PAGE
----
This article was published in Arab News on April 14, 2019.
Turkey’s local elections are rapidly turning into a farce
Local elections were held throughout Turkey on March 31, but Turkey’s major political parties have focused mainly on the results in Istanbul.
The ruling Justice and Development Party (AKP) claims that it has emerged as the overall winner nationwide. It is true that an alliance of the ruling party with the far-right Nationalist Movement Party (MHP) won more than half of the votes in Turkey, but this does not necessarily mean that the AKP+MHP will have a majority in all metropolitan municipal councils, because each district contributes one fifth of its municipal council members to the metropolitan council. Larger districts, of course, have a higher number of seats in their respective councils, and therefore send more members to the metropolitan council. And the opposition Republican People’s Party (CHP) came out on top in most of these bigger districts.
The unconfirmed results available so far indicate that the CHP is leading in the Istanbul elections. But the AKP is doing everything in its power to reverse that trend.
On March 31, as the results first started to come in, the AKP candidate Binali Yıldırım had a considerable lead. A few hours later, however, the gap between him and his major contender — CHP’s Ekrem Imamoglu — started to narrow. Towards midnight, when 98.8 percent of the Istanbul votes had been counted, the broadcasting of Istanbul’s results was interrupted. There was no explanation from the pro-government media, at the time, as to why this happened.
We are now at the beginning of the third week post-elections, and the count is, at best, becoming a farce — if not a travesty
By the second week after the elections, the recounting of invalid votes had become the primary issue. This delayed the counting of valid votes for more than 14 days after the polls. The Higher Electoral Board (HEB) ignored the CHP’s proposal of setting up additional teams to speed up the count. We are now at the beginning of the third week post-elections, and the count is, at best, becoming a farce — if not a travesty.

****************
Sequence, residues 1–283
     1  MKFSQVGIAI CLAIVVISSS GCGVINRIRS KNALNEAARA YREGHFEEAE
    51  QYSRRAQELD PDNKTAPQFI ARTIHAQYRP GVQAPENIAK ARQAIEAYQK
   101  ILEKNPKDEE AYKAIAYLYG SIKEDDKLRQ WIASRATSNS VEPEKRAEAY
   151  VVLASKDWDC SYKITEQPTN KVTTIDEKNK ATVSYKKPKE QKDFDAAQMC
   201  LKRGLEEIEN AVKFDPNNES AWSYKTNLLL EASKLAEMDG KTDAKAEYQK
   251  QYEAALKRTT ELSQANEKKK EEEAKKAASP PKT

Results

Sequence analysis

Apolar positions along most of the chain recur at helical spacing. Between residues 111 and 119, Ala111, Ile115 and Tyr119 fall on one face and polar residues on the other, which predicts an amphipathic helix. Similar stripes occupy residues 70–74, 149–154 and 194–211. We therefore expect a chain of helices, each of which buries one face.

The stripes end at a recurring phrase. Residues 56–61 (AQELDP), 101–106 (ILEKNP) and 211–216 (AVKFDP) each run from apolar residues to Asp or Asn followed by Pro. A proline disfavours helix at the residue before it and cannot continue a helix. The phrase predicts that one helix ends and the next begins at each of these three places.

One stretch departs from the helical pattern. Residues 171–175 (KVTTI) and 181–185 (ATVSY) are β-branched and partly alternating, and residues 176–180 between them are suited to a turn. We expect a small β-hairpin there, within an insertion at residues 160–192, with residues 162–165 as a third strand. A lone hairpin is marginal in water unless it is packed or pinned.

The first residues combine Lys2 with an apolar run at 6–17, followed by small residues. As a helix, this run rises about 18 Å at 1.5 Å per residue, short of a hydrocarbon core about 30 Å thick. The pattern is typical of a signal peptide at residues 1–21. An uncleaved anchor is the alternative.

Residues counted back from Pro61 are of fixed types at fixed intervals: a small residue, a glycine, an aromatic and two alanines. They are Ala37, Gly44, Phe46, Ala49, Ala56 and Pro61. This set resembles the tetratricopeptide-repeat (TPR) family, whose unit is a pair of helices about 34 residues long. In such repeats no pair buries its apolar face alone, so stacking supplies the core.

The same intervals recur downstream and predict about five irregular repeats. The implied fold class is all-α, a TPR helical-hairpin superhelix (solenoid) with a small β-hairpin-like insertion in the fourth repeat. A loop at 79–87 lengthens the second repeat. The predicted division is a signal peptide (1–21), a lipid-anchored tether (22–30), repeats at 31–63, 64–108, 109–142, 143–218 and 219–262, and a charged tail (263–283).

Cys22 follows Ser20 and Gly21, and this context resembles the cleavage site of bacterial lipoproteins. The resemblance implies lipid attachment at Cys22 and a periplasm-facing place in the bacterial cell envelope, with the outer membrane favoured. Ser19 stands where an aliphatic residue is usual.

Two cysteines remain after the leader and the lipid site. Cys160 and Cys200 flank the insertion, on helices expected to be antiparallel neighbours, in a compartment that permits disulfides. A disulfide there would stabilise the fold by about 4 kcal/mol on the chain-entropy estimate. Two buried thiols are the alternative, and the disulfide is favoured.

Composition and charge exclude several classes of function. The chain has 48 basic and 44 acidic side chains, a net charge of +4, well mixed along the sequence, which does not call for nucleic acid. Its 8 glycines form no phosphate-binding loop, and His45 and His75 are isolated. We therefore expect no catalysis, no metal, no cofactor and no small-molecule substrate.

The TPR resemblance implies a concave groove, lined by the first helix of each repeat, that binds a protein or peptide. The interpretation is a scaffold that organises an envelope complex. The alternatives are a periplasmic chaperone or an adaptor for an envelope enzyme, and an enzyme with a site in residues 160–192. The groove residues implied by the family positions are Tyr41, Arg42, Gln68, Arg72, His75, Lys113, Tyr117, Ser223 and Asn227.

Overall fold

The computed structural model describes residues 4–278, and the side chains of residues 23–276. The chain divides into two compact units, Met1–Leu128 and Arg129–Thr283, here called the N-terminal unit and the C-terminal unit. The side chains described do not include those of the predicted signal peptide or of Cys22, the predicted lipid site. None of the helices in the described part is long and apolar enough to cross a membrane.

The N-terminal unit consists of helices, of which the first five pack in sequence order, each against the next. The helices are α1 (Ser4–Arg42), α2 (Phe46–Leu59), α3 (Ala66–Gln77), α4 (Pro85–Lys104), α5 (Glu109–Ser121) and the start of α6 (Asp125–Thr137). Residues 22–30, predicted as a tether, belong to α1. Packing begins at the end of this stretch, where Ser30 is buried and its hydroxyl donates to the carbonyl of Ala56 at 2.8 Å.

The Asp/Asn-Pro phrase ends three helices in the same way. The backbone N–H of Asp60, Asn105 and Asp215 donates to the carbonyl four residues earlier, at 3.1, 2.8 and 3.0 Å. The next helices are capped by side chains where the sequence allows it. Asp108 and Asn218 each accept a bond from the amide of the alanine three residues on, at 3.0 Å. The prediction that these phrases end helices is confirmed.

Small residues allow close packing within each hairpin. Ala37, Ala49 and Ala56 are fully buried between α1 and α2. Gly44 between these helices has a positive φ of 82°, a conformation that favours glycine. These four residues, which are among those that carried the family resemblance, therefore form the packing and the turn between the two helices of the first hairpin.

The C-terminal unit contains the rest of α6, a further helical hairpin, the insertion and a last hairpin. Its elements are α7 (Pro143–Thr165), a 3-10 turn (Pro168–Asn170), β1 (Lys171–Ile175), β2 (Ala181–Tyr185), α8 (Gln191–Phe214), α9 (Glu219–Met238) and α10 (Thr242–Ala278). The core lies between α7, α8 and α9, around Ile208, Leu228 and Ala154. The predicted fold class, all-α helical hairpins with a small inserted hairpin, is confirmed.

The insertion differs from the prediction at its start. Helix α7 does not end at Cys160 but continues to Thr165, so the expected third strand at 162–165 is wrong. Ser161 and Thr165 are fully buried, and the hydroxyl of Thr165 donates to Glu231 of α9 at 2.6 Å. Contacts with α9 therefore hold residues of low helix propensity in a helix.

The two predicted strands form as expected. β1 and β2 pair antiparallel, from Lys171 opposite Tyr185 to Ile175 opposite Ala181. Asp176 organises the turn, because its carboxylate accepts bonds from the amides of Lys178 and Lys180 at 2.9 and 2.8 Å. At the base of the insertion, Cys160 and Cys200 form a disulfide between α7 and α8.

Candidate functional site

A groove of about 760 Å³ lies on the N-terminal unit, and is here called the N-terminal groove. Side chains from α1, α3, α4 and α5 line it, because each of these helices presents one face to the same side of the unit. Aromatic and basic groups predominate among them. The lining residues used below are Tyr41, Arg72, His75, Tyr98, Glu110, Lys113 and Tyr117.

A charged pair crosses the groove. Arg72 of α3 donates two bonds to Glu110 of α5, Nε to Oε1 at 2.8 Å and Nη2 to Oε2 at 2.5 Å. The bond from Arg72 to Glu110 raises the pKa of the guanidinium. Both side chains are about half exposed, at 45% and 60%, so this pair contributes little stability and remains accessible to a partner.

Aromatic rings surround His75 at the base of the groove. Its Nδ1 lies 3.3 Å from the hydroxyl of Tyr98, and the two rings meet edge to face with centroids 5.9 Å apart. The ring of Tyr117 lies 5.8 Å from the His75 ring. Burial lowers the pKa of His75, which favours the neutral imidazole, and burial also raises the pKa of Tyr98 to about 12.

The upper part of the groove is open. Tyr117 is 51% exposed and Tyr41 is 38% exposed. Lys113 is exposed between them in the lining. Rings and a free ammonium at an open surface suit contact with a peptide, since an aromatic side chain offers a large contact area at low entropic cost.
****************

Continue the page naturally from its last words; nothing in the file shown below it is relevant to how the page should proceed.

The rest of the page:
The AKP has filed new claims of irregularities in one of Istanbul’s districts, Büyükçekmece, with the HEB. It claims that non-existent houses in empty plots were included in the list of voters’ addresses, and that these ‘virtual voters’ caused an unusual increase in the district’s electorate. Since citizens are not allowed to vote without showing their identity card, it will not be easy for the AKP to prove its case. Furthermore, such a problem — if it truly exists — should have been sorted out during the verification period before the elections, not after it turned out that the ruling party was losing in that district.
Another problem arose when certain mayors who won their respective local elections were barred from resuming their posts on the grounds that they had been expelled from public service beforehand by a presidential decree. Therefore, the posts were filled by the candidate who got the second-highest number of votes. Once again, this problem should never have arisen after the elections, because the HEB should have prevented that person from standing in the first place.
Another deviation from past practice was the admissibility of the request for a recount. In 2014, Mansur Yavas, who was contending the post of mayor of Ankara, submitted a request for a recount to the HEB. That request was rejected on the grounds that the claimant had to include in his demand factual evidence that his request was warranted. In the present elections, however, a request from the ruling party for a recount in a constituency was granted without any demand for evidence of misconduct or mistakes.
Despite its maneuvering, the AKP seems to be cornered. The CHP says that it has in its archives the original texts of the records signed by observers from all political parties for every single ballot box in Istanbul, which, the CHP says, show that its candidate Imamoglu is leading by around 14,000 votes — an advantage that seems unlikely to be overturned even if all votes are recounted.
The AKP is unsure whether it should demand a new election from scratch either in Istanbul or nationwide. It fears the CHP may emerge even stronger if a new vote were to take place.
There are conspiracy theories saying that the AKP may be trying to gain time before handing over the Istanbul metropolitan municipality to the CHP in order to empty the municipal coffers and disburse funds to the private corporations currently doing business with the municipality.
There are also frequent reports alleging that the AKP is trying to keep the HEB distracted with numerous recounts so that it can destroy incriminating documents.
Whatever the truth, Turkey and its people deserve better than this dark comedy.